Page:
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Film

2005 On Film: Listing Is Fun

Posted by Drew / January 6, 2006

I saw Capote the other day and it reminded me why I haven’t been feeling it at the movies lately. Sure, Capote is fine. But it’s a slight film that wants to be a big film and ends up not giving the pleasures of either. Philip Seymour Hoffman plays Capote in a cannily compelling and compellingly canny manner: a snake in kitten’s clothing, a consummate con man who never takes his eye off the prize and never doubts that the prize will be his, all his.
Somehow, though, in nailing Capote’s counterintuitive charm, the film, and even Hoffman, miss on every other count. In playing the story classy, the film ends up being innocuously sedate and inevitably forgettable.

And forgettable is how I remember 2005 at the movies.

So, here are 5 films I do remember. Which will be followed by another 5 next week and the next week, and so on, until I am done. The good news is that much of this stuff is available for your renting pleasure.

1. Survive Style 5+ (Gen Sekiguchi): This portmanteau picture is uneven, but its highlights are embossed on my brain. When it comes to modern restlessness with overtones of curiously joyful romanticism and undercurrents of crushing alienation, the Japanese rule.
2. Crash (Paul Haggis): Sure it’s contrived and manipulative, but emotionally this film plays it straight and it manages not to sink itself under the weight of its own self-righteousness in being, you know, an issue picture. Fantastic performances from a series of lesser-known actors, too.
3. Me and You and Everyone We Know (Miranda July): As anyone who has ever attempted to make a film knows, filmmaking is fucking hard. Somehow, on her first feature effort, July pulls everything together perfectly and creates one of the few utterly surprising films of the year. Like July herself, this film is a beguiling mix of edgy-postmodern and flaky-dorky. It all works. Damn her.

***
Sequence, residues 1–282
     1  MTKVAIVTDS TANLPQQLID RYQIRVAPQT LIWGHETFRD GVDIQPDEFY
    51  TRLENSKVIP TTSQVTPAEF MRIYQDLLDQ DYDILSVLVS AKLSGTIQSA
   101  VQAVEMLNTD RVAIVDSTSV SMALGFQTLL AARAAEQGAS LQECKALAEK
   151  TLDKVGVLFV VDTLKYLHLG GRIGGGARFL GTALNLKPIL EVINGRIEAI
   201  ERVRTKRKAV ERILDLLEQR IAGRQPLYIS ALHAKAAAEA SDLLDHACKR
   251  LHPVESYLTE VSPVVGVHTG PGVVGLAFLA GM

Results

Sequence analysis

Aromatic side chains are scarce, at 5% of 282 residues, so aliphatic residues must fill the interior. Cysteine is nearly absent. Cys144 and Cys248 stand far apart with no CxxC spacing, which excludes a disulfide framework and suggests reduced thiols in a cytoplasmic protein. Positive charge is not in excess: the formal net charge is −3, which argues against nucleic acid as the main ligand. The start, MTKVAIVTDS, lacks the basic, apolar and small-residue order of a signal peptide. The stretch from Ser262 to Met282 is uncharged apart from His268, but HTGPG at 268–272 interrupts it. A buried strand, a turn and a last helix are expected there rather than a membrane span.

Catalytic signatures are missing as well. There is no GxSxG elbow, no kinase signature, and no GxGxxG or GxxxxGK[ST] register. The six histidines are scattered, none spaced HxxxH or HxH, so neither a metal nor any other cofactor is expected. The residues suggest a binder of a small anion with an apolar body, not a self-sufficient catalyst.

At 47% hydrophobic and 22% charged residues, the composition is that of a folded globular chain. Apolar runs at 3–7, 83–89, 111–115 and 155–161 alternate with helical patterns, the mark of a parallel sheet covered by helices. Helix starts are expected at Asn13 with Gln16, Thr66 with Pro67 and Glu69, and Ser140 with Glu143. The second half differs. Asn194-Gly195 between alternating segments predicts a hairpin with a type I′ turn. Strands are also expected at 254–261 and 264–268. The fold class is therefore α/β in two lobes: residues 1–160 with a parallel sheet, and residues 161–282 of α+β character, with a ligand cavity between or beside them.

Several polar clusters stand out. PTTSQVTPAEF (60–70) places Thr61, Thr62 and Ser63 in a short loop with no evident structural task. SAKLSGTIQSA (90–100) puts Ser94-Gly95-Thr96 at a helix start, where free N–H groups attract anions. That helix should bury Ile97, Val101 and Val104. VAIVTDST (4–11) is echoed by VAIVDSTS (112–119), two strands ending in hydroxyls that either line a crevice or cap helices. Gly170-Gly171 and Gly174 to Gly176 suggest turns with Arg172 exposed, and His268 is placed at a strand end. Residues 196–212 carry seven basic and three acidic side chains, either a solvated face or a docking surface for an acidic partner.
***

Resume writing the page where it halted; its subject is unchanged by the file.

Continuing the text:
4. Freaks and Geeks (Season 1 onDVD). Okay technically not a “movie” but you can rent it at the movie rental place; indeed, rent the whole first season, watch it all and pretend you just saw a 28 hour film. Seriously, if you haven’t seen it: Stop denying yourself!
5. Pride and Prejudice (Joe Wright). Yeah, I don’t care. This film is awesome. A human adaptation rather than a literary one and, truly, the most cinematic of the recent slew of “quality” pictures. Rack focus forever!


Discussion

3 Comments

J Mac / January 6, 2006 at 04:59 pm
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You know, I saw Crash, and I can't remember anything about it. At all. It's like the time I had my wisdom teeth out, and after getting home, still groggy from the gas or whatever they knocked me out with, I watched Miller's Crossing. Then my mom came into the room and said, "How was the movie?" And I replied: "What movie?"

Only, with Crash, no drugs were involved. But now I got nothing. Nothing. Matt Dillon was in it, I think.

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